Village Hall available for private hire

Max capacity 80 people. Half day £30; Evening £35; Full day £60 Fully equipped with crockery & glasses, linen, cooking facilities & utensils etc.-

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The Grapevine ( latest edition)

The Grapevine SEAMER & TAME BRIDGE MAGAZINE No. 163 July 2020

The Grapevine SEAMER & TAME BRIDGE MAGAZINE No. 163 July 2020

https://issuu.com/sweetstudio/docs/163   The Grapevine SEAMER & TAME BRIDGE MAGAZINE No[...]
The Grapevine SEAMER & TAME BRIDGE MAGAZINE No. 162 April - May 2020

The Grapevine SEAMER & TAME BRIDGE MAGAZINE No. 162 April - May 2020

https://issuu.com/sweetstudio/docs/162   The Grapevine SEAMER & TAME BRIDGE MAGAZINE[...]




Events

Socially distant but united

Socially distant but united

Hello  all you Seamerites,Tame Bridgers ,   Anyone fancy doing this in Seamer ?  Might be a good idea .   Ann Thomas [ Read Full Details ]
Self isolation and organised village activities

Self isolation and organised village activities

Self isolation and organised village activities Given the new self isolation guidelines we are all living with now, I advise anyone who planned to attend events in the village hall or church or chapel to check with relevant event organisers to confirm the event is still planning to go ahead or has been postponed. Any event organiser who would like to update their attendees or to cancel or postpone their event can contact me to update the website and I will be happy to update it for you carolynne@sweetstudio.co.uk        [ Read Full Details ]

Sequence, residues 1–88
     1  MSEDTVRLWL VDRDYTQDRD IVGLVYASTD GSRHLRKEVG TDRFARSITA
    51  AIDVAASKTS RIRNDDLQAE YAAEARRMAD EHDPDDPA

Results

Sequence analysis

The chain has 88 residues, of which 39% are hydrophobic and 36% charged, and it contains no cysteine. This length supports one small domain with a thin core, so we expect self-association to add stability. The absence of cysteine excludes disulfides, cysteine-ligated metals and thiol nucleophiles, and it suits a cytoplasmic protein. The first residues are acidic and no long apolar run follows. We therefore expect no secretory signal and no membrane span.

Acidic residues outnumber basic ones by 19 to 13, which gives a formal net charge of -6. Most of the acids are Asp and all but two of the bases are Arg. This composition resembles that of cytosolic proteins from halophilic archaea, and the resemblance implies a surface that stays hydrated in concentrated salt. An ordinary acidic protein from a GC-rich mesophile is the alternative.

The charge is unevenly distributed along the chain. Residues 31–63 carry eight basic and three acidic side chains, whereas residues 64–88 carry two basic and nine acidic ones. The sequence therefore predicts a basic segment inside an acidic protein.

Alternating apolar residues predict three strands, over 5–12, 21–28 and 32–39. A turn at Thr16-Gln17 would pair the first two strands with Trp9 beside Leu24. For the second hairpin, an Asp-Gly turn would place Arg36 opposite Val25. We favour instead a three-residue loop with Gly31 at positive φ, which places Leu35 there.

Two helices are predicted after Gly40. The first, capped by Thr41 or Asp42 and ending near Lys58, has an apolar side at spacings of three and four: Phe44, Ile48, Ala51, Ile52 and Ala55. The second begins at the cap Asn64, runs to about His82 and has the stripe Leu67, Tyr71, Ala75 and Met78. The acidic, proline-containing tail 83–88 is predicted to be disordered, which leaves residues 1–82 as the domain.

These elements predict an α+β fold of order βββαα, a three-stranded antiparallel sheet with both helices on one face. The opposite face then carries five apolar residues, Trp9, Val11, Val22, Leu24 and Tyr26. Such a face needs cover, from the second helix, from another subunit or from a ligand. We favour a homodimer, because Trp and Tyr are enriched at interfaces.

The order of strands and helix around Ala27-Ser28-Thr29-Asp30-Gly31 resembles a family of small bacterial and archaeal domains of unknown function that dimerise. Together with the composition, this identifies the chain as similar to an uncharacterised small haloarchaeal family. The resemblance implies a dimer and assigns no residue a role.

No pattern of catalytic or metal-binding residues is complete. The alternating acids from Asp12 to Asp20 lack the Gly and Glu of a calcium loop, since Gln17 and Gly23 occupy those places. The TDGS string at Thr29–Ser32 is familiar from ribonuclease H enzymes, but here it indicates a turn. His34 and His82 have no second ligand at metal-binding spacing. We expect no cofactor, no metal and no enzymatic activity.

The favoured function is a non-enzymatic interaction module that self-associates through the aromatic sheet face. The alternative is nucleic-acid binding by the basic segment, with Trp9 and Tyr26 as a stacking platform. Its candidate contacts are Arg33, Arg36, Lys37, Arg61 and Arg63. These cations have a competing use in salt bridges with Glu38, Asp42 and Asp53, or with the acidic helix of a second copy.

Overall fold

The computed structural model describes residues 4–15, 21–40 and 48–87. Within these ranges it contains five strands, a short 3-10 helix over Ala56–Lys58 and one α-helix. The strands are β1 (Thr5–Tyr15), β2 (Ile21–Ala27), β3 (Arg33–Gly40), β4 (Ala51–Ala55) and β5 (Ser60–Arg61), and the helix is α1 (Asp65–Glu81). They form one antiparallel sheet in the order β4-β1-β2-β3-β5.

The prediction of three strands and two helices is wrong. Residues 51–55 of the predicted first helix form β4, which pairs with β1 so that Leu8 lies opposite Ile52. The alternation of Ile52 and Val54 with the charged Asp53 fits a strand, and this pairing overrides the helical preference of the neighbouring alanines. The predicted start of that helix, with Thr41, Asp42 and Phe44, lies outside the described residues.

Darlington & Stockton Times Correspondent for Seamer

Please contact me if you have any items of news or an event to publicise. Christine Cooper Tel: 01642 710294 or e-mail chris_cooper1@hotmail.com

Contact Correspondent


Seamer is a village and civil parish in the Hambleton district of North Yorkshire, England, near the border with the Borough of Stockton-on-Tees and 3 miles (5 km) northwest of Stokesley.

Its name is first attested in the Domesday Book of 1086 as Semer(s), with later medieval attestations including Samara. The first element is Old English sǣ ‘lake'; the spelling of the second element suggests variation between Old English mere ‘sea’, Old English mersc ‘marsh’, and Old Norse marr ‘lake, sea, pool’. The dominant meaning of the name therefore seems to have been ‘lake by the sea’. (information courtesy of wikipedia http://en.wikipedia.org/wiki/Seamer,_Hambleton )